Courage is one of my minor values…..
Now you may be wondering, why am I writing about a minor value, rather than one of my
major values. Or you may be simply wondering what is a minor value. Or you may be wondering what are values?
Values are those principles that guide our life.
I have a tool, a card deck, that is full of great values (approximately 42). We all make decisions based on our values and principles. The problem is that I cannot make decisions based on 42 values, even if they are all good values. Having this many values becomes competing values because they are not all created equal … for me.
Let’s look at an example.
Maybe you and I are having a discussion about careers. In fact, when I recently reviewed my values, the money/wealth card was the last card to be placed back in the tin, as in Not one of my values. Then I took it back out. Let’s be clear, I am not about becoming financially wealthy because I think of myself better than others. No, but I do believe people ought to be compensated for the value they bring to the table. And the compensation should be commensurate to the value that I provide. If I provide a minimum value, then I should be compensated minimally; and if I provide significant value, then I should be compensated similarly (ie. significantly). Two other factors play a part in my thought process. The first is that I was able to make the shift to a new career because of the financial steps that I have put in place over my life. These steps include everything from mindset - debt, savings, investments and abundance thinking. The second is that I have invested in myself to learn from some of the greatest abundance mindset people that John Maxwell knows. I have the right beginning perspective; and I want more of it.
This is all very similar to my typical focus areas of personal growth, leadership, and financial freedom. It all starts with me - leading myself appropriately before I can lead others.
Now, if I simply focused on the dollars perspective of money/wealth and encouraged you to only consider a job that had the right income or salary attached to it. That would be a very limited perspective. If you said that money was not important to you, and you went to college, and collected some sizable student loans, and also said you wanted to give back and do mission work. I would say two things. Great! I love that you want to give back. And I would also ask, to understand with clarity, what is your perspective on student loans? Are you expecting to follow the ten year payback period and then the government will handle the rest? Do you know of someone that has done exactly what you want? (Because the reality of this plan is very risky. Are you married? Will you be having children? Have you truly considered your current and long term position? Do you see that you have a real responsibility to yourself, your partner, your current life and future selves, to get a job and take care of your debt? Maybe consider how you can make your local area and evenings part of your mission field?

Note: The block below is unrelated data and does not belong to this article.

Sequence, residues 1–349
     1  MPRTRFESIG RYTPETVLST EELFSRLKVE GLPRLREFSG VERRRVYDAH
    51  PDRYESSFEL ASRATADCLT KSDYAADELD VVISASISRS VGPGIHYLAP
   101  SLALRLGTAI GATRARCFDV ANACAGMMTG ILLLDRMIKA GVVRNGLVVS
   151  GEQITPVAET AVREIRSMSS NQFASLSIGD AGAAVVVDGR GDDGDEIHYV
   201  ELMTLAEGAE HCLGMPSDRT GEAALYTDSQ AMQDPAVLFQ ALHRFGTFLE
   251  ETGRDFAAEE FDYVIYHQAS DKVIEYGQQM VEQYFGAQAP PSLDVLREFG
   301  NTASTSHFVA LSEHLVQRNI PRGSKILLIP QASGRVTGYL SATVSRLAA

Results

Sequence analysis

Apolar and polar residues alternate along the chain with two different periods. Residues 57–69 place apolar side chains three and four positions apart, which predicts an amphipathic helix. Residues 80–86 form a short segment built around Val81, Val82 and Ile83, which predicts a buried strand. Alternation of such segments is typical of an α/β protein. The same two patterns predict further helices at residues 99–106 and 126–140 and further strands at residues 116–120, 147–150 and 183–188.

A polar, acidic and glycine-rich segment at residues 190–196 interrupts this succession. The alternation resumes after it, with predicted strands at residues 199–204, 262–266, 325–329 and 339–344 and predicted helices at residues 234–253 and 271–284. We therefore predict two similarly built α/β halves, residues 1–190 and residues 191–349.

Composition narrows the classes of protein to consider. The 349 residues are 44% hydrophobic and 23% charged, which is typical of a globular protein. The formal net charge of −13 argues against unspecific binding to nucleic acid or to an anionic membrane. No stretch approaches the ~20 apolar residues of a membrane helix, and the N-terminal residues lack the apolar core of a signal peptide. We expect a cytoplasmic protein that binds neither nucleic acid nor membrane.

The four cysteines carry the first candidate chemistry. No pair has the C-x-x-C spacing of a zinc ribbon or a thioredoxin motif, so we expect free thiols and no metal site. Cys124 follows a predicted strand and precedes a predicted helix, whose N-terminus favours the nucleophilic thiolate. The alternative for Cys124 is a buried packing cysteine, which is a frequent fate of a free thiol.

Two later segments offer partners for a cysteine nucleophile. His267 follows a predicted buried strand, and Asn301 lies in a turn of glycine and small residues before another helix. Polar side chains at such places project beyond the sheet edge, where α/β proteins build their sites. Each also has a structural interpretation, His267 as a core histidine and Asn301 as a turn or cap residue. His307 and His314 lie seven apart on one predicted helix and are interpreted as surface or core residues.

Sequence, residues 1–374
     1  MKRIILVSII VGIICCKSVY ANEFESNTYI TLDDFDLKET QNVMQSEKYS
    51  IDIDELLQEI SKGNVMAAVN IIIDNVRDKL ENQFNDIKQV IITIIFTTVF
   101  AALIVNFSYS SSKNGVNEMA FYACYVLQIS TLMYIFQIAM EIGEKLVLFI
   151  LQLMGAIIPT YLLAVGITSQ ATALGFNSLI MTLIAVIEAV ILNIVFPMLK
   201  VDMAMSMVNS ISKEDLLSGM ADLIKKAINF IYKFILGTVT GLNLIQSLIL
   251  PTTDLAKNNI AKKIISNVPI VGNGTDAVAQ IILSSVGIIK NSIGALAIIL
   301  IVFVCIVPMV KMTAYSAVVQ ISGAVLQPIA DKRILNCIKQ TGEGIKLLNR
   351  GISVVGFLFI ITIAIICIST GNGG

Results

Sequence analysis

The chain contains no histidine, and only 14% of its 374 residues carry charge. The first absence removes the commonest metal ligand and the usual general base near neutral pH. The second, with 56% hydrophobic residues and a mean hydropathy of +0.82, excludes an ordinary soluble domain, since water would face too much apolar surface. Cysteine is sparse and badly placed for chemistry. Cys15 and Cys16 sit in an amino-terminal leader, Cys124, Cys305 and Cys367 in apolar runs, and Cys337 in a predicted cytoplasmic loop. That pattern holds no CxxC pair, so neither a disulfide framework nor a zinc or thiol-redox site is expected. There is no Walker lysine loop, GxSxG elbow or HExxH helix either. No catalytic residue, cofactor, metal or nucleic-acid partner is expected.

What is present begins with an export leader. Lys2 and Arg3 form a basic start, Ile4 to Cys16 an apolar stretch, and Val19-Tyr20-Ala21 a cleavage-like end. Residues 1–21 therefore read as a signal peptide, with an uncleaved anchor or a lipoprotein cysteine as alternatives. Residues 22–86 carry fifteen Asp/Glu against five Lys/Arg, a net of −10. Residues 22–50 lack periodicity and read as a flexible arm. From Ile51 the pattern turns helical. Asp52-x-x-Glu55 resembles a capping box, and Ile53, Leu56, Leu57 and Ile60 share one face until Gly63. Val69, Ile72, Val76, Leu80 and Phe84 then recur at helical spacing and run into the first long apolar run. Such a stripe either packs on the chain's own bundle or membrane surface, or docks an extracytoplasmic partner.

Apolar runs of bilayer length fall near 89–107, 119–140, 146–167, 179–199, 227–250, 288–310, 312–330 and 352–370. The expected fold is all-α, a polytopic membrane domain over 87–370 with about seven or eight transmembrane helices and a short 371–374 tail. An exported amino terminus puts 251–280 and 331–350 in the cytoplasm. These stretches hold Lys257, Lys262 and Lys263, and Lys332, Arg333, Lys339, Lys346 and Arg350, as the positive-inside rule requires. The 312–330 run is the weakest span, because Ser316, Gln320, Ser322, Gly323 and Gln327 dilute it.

Albert Einstein was the genius that coined the phrase, “Compound interest is the eighth wonder of the world. He who understands it, earns it, he who doesn’t …..pays it.
What does this have to do with courage?
Maybe, I now have you wondering what does this have to do with courage? It takes a type of courage to delay the immediate gratification mindset that wants to “have it now.” We get hungry, we want food now, and we go through a drive-through. We see an item on Amazon that trips our fancy, we put it in the cart, and push the order button, regardless of whether we just began investigating that special item or whether we truly have the cash available for that purchase. (I want to live debt free; and I want money to work for me. And truth is, I want everything you want for you, but I don’t want you sacrificing your future money (ie. interest) in order to have it now!” The question is - Do we need it now, or, simply want it sometime in the future? It takes courage to say “not right now.” I struggle with this too! Sometimes we have to give up the really good stuff, to get the really great stuff later. It takes lots and lots of courage, discipline, and maybe even some prioritization. This could be addressed with an accountability partner.
This same sort of thought process goes into considering career changes. It takes courage to leave a comfortable, “secure” job that lacks true fulfillment. This is not about encouraging you to change jobs or even the courage to change jobs. It is about having the courage to do the right thing for you, your significant other, your children, maybe even your grandchildren.
For most of us, this process is not easy. Who said life was supposed to be easy. My friend, John Maxwell, has helped me really understand that everything worthwhile is uphill.
In other words, much of the best in life will take courage. Every day is a new opportunity to step into courage. We must realize that there are many times where people will quit on us. It is then our responsibility to get up every day and make sure we do not quit on ourselves.
Courage fits into my major value of Growth.
In order to reach my greatest potential, I must continue to grow. I must change. And sometimes, I must change big…..I must develop and grow courage!
If you want to explore your courage, your values, or even your dreams, please set up a complimentary discovery session. Begin the process of building your courage for the present and into the future!